Everything is more fun to watch in zero gravity! The Global Space Education Foundation sends books for astronauts to read from various locations within the International Space Station. Their website includes curriculum for educators to align with and support Next Generation Science Standards.
Well this is soothing... Take six minutes and let your mind wander a bit.
I have read a bunch of bad books lately. Or just mediocre ones. I'm not too excited about any of the four I'm currently reading, either. I checked my recent reviews, and of the last 17 books I've read, I have only really been impressed by one. Steinbeck knows his stuff. But I already knew that.
The book 18 books ago that impressed me was Hershel and the Hanukkah Goblins by Eric A. Kimmel and Trina Schart Hyman. But it's a Caldecott Honor Book, so there's that.
I'll tell you what has impressed me book-wise lately (though it's not a book at all):
The Fantastic Flying Books of Mr. Morris Lessmore.
I saw this little charmer quite a while before it won an Oscar for Best Animated Short Film. It was free on the internet back then (this post was in draft mode, with the embedded video, but now that it has won the Oscar, the video is no longer embeddable). Now you can download it for $1.99. I promise you, it's worth your time and money. You can't tell from the trailer, but it's a really sweet story. Plus, it won an Oscar, so there's that.
Does this mean I just need to stick to award winners?
Don't worry, I have literally hundreds of books in my house I can read. Plus, you know, a library card. So it's not about not having something great available to read, I just haven't chosen wisely lately. I'm due, though. Time to go pick.
Japan's been on my mind. More so, I think, than other natural disasters that receive worldwide attention. This video is what made it real for me.
At first, it just looks like a bit of water in the streets. In the first few seconds, you even see someone driving away. Watch the entire video; what you see at the beginning is nothing compared to what you see at the very end. Did that first van driving away make it? I hope so.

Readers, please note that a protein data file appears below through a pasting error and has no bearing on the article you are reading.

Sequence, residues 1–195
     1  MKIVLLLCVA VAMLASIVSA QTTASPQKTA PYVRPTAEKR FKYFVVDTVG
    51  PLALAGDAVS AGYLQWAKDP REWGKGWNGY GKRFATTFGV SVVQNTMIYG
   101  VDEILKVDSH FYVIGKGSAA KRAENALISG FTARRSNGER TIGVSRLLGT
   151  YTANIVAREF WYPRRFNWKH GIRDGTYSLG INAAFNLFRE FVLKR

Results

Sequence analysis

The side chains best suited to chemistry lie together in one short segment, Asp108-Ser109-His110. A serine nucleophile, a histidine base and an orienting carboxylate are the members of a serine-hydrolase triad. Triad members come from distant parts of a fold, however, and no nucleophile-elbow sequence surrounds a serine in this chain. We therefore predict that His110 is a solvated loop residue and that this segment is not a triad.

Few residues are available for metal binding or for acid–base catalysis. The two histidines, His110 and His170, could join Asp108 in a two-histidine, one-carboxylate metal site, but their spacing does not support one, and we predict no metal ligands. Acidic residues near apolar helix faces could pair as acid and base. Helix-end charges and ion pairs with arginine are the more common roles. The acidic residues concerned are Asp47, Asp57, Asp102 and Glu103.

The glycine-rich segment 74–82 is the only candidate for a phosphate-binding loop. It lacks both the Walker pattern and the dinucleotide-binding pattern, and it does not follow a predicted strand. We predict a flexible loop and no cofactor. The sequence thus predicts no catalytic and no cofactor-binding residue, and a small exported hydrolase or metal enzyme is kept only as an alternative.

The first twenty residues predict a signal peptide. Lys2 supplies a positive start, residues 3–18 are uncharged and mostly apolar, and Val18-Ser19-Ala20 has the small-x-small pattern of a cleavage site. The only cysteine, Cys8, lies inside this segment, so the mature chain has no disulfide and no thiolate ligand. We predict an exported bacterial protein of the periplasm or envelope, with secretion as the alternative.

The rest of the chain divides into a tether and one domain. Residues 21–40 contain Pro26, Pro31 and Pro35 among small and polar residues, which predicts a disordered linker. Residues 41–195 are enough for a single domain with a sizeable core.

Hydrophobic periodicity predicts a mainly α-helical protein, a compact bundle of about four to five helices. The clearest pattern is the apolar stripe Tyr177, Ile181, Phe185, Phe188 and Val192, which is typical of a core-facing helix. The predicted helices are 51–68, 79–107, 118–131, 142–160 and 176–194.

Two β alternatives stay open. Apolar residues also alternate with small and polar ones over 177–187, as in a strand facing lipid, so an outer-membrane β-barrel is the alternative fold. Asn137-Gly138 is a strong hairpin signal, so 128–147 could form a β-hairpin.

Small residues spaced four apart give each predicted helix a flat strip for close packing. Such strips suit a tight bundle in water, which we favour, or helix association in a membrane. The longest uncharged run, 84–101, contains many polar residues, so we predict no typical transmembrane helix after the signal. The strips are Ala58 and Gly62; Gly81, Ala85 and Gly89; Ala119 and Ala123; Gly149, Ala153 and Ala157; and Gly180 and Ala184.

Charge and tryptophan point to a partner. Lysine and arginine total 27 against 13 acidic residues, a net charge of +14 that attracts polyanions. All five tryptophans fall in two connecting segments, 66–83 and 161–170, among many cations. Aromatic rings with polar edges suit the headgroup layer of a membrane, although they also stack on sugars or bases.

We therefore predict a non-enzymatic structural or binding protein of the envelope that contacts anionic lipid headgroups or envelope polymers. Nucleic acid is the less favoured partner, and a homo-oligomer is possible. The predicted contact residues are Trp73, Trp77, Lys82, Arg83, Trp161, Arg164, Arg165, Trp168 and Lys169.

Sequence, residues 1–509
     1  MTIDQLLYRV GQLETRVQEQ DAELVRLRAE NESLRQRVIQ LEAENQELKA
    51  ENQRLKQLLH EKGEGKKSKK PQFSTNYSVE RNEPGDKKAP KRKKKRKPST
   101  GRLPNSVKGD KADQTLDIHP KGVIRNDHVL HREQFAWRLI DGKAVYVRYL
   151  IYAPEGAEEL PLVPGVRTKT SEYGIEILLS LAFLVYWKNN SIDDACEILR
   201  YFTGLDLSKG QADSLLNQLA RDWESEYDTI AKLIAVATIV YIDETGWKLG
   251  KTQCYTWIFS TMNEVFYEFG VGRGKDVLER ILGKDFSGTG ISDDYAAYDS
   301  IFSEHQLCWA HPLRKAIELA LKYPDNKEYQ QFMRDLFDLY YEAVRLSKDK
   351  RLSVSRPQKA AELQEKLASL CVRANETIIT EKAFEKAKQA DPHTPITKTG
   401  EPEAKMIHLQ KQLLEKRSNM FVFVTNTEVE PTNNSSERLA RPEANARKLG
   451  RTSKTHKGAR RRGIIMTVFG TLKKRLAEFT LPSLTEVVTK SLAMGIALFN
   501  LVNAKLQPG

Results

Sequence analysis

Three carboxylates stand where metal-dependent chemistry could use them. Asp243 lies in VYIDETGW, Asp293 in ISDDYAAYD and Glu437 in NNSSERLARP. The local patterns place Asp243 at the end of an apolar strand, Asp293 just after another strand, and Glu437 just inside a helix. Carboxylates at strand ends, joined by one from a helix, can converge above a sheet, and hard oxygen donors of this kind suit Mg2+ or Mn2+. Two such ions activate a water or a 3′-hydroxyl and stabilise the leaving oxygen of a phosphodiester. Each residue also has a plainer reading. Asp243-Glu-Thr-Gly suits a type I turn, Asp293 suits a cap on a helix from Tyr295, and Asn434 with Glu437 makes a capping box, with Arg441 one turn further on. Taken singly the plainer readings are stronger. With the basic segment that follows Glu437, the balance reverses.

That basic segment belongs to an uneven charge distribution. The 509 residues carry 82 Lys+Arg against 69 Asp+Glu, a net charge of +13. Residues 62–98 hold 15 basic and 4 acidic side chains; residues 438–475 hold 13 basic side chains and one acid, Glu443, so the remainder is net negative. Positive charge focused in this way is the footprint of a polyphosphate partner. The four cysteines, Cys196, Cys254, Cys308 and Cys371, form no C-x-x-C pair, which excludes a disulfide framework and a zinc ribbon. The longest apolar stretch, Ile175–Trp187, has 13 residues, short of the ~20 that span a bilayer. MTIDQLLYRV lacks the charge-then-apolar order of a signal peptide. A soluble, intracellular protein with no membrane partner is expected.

Jarbus Agneli: Reading a newspaper, I saw a picture of birds on the electric wires. I cut out the photo and decided to make a song, using the exact location of the birds as notes (no Photoshop edit). I knew it wasn't the most original idea in the universe. I was just curious to hear what melody the birds were creating.
I sent the music to the photographer, Paulo Pinto, who I Googled on the internet. He told his editor, who told a reporter and the story ended up as an interview in the very same newspaper.
Here I've posted a short video made with the photo, the music and the score (composed by the birds).
Also check my live presentation of Birds on the Wires at TEDx São Paulo: tedxsaopaulo.com.br/jarbas-agnelli/
Music made with Logic.
Video made with After Effects.
An interview about this and other works: biginterview.org/
A brilliant project, put together by an English teacher at a Toronto High School, resulted in this moving video. Students sing pieces of Obama's inspirational inauguration speech, and remind us, of course, of Hope. This line always gets me: "A man whose father, less than 60 years ago might not have been served at a local restaurant, can now stand before you to take a most sacred oath."
The East has been slammed with crazy weather recently, and while the "snowpocalypse" of 2010 has shut many doors and caused many inconveniences, it has opened many others. What better way to share moments with one's community than to play outside for a while?
This video is downright charming. My favorite part is the sign about team sports on the growing grass. Well executed, Nathan Golon and Jordan Gantz, well executed.
Taylor Mali is a brilliant slam poet. I just rediscovered this bit of his, and I know it holds true as I watch amazing teachers do what they do best every day.
This video requires careful watching and listening. The depressing picture painted on the way down is precisely the reverse of the optimistic picture painted on the way back up. There are always at least two ways to see the world. Which will you choose? (...you may want to watch this twice...)